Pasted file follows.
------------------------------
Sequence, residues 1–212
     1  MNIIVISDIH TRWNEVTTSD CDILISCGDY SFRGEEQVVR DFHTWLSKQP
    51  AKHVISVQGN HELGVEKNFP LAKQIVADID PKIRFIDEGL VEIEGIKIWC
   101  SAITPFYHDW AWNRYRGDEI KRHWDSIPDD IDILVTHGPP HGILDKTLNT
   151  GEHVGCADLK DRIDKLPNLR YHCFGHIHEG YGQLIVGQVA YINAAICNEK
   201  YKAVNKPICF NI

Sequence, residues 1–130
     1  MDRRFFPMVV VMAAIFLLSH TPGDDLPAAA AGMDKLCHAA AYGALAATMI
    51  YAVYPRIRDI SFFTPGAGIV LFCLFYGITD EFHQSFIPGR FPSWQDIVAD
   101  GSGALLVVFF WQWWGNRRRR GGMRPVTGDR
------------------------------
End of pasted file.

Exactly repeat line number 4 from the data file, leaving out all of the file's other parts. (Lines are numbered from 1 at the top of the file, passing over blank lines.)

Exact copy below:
   101  SAITPFYHDW AWNRYRGDEI KRHWDSIPDD IDILVTHGPP HGILDKTLNT